A Starting Point for Learning
I am going to get serious here for a moment. No beer for the duration of this post. The purpose of this article is to give you a starting point for taking your camera off of Automatic, and getting you on your way to taking purposeful, artful pictures. You can’t do this on Automatic; you must take control of your camera. The good news is it is not difficult and if you use my approach, you will have a base for learning and a framework to approach most shooting situations.
First and above all else, always start with your camera with the exact same settings each time. Below I give you the magic settings to tackle the technical aspects of taking a picture and how the heck to set up your camera.
Reasons for always starting with the same camera settings:
- Provides a starting point for learning
- The camera is ready to take a picture without a change most of the time
- You need only change one or two settings at most to adapt to conditions or accomplish art
The magic settings – always start using your camera in this state:
- AV- Aperture priority mode, the camera sets the shutter speed for you
- f/5.6 Aperture – initial setting, sets how much light the lens lets in
- You set the aperture depending on what you want to do
- ISO 400 – sensitivity to light and image quality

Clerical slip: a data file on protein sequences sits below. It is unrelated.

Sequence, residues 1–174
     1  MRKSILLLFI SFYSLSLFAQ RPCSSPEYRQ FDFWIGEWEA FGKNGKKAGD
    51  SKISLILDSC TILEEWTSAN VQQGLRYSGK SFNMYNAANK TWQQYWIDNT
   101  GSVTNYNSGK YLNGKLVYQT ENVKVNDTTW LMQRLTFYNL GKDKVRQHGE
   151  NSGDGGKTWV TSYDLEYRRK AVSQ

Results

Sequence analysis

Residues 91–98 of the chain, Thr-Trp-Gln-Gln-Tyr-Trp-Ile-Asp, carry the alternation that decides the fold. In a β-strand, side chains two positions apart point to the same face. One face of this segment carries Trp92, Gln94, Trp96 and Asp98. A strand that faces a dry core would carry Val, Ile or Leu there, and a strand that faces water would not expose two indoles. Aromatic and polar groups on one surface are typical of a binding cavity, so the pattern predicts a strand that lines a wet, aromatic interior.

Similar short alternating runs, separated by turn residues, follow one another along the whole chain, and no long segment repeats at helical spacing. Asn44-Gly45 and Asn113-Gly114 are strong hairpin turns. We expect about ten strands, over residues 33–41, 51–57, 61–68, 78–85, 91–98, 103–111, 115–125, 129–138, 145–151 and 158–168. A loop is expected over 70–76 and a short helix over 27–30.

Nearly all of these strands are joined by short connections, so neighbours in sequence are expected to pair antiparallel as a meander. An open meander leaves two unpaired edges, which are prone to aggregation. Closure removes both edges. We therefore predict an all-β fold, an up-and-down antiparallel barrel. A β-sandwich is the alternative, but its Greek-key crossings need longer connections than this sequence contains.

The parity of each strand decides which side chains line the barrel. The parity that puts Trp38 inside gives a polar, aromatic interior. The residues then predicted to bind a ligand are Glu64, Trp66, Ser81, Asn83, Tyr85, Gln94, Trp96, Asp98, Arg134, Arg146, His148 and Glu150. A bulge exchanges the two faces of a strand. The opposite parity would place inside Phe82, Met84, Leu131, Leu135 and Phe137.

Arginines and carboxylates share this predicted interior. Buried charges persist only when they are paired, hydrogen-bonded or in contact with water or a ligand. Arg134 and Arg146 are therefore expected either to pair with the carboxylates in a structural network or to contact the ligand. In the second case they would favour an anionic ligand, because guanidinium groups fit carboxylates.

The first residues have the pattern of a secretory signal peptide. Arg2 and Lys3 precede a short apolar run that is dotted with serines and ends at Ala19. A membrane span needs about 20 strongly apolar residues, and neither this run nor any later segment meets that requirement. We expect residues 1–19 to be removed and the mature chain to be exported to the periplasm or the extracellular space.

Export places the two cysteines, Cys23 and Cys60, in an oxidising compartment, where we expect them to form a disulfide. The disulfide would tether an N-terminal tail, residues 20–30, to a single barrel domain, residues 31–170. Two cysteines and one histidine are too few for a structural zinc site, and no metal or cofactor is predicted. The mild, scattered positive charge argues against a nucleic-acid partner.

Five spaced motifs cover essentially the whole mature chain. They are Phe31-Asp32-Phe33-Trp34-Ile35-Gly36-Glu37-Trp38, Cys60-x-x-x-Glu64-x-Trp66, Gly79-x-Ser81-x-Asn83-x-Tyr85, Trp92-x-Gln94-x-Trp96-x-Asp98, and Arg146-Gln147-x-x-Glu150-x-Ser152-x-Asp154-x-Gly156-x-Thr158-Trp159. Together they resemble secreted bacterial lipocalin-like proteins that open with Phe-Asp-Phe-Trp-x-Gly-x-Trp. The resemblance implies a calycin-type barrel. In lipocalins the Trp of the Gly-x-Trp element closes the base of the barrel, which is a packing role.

- Center Weighted Metering – how the camera calculates shutter speed
- Center Focus Point Only – The most important and usually the most technically sophisticated point in your camera
- Back Button Focus – Focus is accomplished by pressing a button on the camera back and not the shutter button
- Continuous Shooting – Hold the shutter down for multiple shots
- RAW only – Convert to JPG in your software later
I save these settings as a “user setting” on my Canon camera and can recall this configuration at any time by spinning my mode dial to C3. I chose C3 because it is at the far end of the dial and I can spin it to where it stops, all without looking.
How to use these settings – General Shooting Tips – Memorize These Five Bullets
- Keep shutter speed above 1/125 to prevent shake and blur:
- If too slow, below 1/30, open the aperture to a smaller f number
- If still too slow, increase ISO to a higher number, but this reduces picture quality
- If sunny or bright, lower ISO to 200 or 100 to improved picture quality
- To blur the background and make art, open the aperture all the way to a smaller f number
- To sharpen background, close aperture to a higher f number, then check shutter speed